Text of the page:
Guillermo Del Toro’s The Shape of Water was the big winner at the 90th Academy Awards. It won four awards, including Best Film and Best Director, from a total of 13 nominations. Christopher Nolan’s Dunkirk followed with three big wins, all in technical categories. Roger Deakins won his first Oscar this year for Blade Runner after getting nominated 13 times in the Best Cinematography category till date. Gary Oldman and Frances McDormand won the awards for Best Actor and Best Actress respectively.
10:18am: The Oscar for Best Picture goes to The Shape of Water. The film has won four Oscars from 13 nominations, so far. Del Toro, in his speech, spoke of his love for Hollywood films like ET: The Extra Terrestrial (1982) and those directed by Frank Capra, while growing up in Mexico. He spoke of how impossible he thought the prospect of winning an Oscar was during his early years in Mexico, and ended his speech by emphasising the use of the fantasy genre to tell stories about issues that are relevant to the world.
10:15am: Warren Beatty and Faye Dunaway get a second chance at redeeming themselves for the goof-up they did last year when they announced the name of the wrong film for the Best Picture award. They are presenting the Best Picture award once again.
Here’s what happened last year.
10:05am: The Oscar for Best Actress goes to Frances McDormand for her performance as a grieving mother who wants to avenge her daughter’s rape and murder in Martin McDonagh’s Three Billboards Outside Ebbing, Missouri. McDormand, as the foul-mouthed and singularly motivated Mildred Hayes, has won most of the major acting words for her work in McDonagh’s film, so far, including the Golden Globes and the BAFTA award for Best Actress. This is McDormand’s second Oscar win in the Best Actress category – she won the award the first time for her work in the Coen brothers’ Fargo (1996).
In a standout moment at the Oscars this year, McDormand asked for all the female nominees at the Academy Awards to stand up as an act of solidarity with all women working in Hollywood, and she left two words for them: “Inclusion rider” – referring to the need for women to be part of inclusion clauses in all Hollywood contracts.
9:55am: The Oscar for Best Actor goes to Gary Oldman for Darkest Hour where he plays newly appointed British prime minister Winston Churchill who has to fight bureaucracy and his own cabinet to take tough decisions while the British army is in peril on the beaches of Dunkirk in northern France in 1940. For the role, Oldman had to wear heavy make up and prosthetic, so as to appear as plump as Churchill. Oldman had won all major acting awards for this film in the run up to the Oscars.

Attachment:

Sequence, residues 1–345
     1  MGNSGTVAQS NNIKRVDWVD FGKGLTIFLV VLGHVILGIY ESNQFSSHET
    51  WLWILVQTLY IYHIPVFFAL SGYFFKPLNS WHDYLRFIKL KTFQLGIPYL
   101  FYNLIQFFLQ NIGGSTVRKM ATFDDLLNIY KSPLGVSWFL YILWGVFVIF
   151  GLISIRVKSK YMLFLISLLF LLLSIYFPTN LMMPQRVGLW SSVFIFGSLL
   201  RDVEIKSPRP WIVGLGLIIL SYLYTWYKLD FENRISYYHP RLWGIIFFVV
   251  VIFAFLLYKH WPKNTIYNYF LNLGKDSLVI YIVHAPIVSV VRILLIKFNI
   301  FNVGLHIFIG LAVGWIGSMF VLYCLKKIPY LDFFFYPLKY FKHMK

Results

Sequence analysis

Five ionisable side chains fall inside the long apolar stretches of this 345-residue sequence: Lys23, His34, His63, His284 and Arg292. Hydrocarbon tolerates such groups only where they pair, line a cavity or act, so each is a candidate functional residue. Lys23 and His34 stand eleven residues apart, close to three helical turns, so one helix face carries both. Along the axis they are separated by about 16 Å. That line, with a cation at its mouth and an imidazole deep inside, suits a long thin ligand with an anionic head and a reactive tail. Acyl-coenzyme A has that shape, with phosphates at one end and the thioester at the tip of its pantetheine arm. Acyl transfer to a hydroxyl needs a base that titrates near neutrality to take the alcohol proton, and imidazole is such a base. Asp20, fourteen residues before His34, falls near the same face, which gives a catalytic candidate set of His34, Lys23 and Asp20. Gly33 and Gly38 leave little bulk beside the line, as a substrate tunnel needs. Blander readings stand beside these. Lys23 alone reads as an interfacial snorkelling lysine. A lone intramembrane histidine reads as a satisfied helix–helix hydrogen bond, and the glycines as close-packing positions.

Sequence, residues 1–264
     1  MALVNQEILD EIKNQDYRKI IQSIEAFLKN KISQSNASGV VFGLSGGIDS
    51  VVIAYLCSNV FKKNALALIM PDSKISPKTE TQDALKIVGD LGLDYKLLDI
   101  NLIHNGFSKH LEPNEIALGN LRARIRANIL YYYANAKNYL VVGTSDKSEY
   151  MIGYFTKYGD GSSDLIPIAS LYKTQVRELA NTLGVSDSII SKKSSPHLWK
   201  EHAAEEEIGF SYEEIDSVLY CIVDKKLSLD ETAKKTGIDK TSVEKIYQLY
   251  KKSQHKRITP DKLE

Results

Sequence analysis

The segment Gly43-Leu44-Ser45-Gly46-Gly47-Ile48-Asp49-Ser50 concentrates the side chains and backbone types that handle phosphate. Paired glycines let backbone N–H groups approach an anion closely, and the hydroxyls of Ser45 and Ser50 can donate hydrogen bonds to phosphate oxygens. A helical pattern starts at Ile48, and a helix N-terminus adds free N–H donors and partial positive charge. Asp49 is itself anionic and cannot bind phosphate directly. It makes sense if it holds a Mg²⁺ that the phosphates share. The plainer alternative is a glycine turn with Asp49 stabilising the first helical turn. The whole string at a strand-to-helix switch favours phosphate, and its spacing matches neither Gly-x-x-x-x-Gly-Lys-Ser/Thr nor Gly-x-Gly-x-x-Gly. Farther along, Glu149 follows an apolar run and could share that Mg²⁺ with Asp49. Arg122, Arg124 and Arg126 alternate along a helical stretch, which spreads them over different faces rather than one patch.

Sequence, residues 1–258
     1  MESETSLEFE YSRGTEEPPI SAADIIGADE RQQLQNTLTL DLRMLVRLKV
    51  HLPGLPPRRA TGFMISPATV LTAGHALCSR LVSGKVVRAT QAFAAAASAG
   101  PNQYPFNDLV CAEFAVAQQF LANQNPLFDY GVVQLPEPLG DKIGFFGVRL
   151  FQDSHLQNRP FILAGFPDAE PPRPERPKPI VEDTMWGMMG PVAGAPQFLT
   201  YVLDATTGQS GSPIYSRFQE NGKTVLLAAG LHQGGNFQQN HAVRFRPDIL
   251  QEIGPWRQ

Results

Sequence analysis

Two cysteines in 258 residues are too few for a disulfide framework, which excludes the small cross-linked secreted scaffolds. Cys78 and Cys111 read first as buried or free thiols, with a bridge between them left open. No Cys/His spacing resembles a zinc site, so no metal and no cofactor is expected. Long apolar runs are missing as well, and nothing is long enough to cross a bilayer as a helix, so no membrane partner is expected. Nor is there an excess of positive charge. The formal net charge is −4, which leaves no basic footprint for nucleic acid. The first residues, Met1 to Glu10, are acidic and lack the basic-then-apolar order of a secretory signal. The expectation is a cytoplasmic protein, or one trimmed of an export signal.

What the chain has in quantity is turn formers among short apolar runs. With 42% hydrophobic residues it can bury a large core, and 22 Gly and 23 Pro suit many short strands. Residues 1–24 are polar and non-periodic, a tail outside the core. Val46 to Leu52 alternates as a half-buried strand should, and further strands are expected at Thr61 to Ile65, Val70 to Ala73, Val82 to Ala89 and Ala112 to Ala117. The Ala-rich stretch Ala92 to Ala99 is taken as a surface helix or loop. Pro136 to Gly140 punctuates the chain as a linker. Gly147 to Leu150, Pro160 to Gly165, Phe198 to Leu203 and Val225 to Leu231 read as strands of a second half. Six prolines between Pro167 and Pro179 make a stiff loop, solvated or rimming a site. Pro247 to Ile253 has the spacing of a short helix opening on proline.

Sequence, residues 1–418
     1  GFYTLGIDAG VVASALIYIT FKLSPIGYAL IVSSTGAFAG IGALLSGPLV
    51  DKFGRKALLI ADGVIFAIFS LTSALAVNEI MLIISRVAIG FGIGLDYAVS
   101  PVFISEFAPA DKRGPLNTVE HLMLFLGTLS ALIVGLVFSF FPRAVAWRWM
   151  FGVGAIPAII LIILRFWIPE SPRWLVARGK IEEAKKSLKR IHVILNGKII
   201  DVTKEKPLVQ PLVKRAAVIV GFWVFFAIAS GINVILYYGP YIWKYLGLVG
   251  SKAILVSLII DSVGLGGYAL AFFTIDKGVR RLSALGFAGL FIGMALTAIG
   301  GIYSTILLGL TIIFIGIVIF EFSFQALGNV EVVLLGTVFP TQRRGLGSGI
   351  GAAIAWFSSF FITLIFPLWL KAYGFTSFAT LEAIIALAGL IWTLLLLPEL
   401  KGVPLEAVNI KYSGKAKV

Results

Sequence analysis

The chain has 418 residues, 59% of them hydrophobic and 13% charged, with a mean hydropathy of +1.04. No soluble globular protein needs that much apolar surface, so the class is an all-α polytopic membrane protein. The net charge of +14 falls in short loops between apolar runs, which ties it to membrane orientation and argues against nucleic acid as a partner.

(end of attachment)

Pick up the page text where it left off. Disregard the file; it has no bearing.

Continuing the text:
9:45am: Guillermo Del Toro wins Best Director for The Shape of Water. He has been nominated in this category three times before. He had won the Best Director award at the Golden Globes and the British Academy of Film and Television Awards for The Shape of Water as well. Del Toro, whose filmography revolves primarily around monsters and fantasies, tells the story of a romantic relationship between a speech-impared woman and an amphibian creature in The Shape of Water.
In his speech, Del Toro said, “The greatest thing our art does, and our industry does, is erase the lines in the sand. We should continue doing that.”
9:20am: The Oscar for Best Cinematography goes to Roger Deakins for his work on Blade Runner 2049. Deakins has been nominated in this category 13 times before. Deakins has shot Villenueve has shot three films for director Denis Villeneuve, the other two being Prisoners (2013) and Sicario (2015).
This was also the first time in Oscars history that a woman, Rachel Morrison, was in the running for the Best Cinematographer award.
9:08am: The Oscar for Best Original Screenplay goes to Jordan Peele for his horror film Get Out. Peele, a comedian, made his directorial debut with this film which depicts the embedded racism among the liberal white elite of America. Peele is the fourth person in Oscars history after Orson Welles, Warren Beatty and James L Brooks to receive nominations for Best Picture, Best Director and Best Screenplay for his directorial debut. He is also the first black individual to win the Best Screenplay Oscar.